Recovery occurs via many pathways.

Individuals are unique with distinct needs, strengths, preferences, goals, culture, and backgrounds— including trauma experience — that affect and determine their pathway(s) to recovery. Recovery is built on the multiple capacities, strengths, talents, coping abilities, resources, and inherent value of each individual. Recovery pathways are highly personalized. They may include professional clinical treatment, use of medications; support from families and schools; faith-based approaches; peer support; and other approaches. Recovery is non-linear, characterized by continual growth and improved functioning that may involve setbacks. Because setbacks are a natural, though not inevitable, part of the recovery process, it is essential to foster resilience for all individuals and families. Abstinence from the use of alcohol, illicit drugs, and non-prescribed medications is the goal for those with addictions. The use of tobacco and nonprescribed or illicit drugs is not safe for anyone. In some cases, recovery pathways can be enabled by creating a supportive environment. This is especially true for children, who may not have the legal or developmental capacity to set their own course.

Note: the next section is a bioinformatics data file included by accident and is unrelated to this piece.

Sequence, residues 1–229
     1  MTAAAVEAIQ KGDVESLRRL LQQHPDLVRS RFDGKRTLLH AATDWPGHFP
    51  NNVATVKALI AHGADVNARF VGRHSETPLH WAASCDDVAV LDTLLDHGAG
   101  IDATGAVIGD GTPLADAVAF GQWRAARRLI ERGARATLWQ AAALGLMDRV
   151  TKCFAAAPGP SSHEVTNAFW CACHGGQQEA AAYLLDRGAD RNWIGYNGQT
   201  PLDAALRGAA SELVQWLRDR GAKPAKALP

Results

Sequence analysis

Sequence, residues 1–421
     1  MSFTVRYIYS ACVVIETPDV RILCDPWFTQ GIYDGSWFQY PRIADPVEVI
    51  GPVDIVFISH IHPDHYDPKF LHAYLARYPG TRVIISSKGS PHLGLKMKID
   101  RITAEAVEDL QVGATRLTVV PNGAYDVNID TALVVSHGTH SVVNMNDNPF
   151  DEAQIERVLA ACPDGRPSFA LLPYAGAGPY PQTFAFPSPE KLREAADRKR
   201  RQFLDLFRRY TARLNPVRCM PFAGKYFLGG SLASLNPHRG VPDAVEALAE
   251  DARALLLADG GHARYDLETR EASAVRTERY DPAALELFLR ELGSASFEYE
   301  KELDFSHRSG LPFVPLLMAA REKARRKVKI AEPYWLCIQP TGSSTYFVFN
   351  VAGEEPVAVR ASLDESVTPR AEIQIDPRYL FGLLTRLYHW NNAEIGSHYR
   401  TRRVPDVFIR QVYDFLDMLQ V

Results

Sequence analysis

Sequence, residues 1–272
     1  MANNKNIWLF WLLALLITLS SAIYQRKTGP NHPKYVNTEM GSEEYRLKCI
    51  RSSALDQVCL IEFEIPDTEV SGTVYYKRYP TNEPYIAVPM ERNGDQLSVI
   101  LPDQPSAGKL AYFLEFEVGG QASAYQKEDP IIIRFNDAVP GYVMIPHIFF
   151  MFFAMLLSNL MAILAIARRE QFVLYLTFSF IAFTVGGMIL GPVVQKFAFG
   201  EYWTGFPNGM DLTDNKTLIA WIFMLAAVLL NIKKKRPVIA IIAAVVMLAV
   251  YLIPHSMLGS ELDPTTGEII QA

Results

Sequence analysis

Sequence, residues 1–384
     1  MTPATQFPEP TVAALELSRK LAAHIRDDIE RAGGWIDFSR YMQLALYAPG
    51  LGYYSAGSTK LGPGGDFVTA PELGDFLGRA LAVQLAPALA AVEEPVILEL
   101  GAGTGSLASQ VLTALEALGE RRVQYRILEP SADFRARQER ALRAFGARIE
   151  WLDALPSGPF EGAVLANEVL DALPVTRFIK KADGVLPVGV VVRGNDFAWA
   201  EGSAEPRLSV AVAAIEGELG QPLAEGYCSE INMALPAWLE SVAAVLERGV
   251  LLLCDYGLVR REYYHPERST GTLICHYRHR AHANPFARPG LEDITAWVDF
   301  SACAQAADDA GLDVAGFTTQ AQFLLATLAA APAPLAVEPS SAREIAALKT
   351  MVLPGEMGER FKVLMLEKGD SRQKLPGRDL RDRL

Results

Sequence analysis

Resources:

  • SAMHSA
  • Prevalence and pathways of recovery from drug and alcohol problems in the United States population: Implications for practice, research, and policy.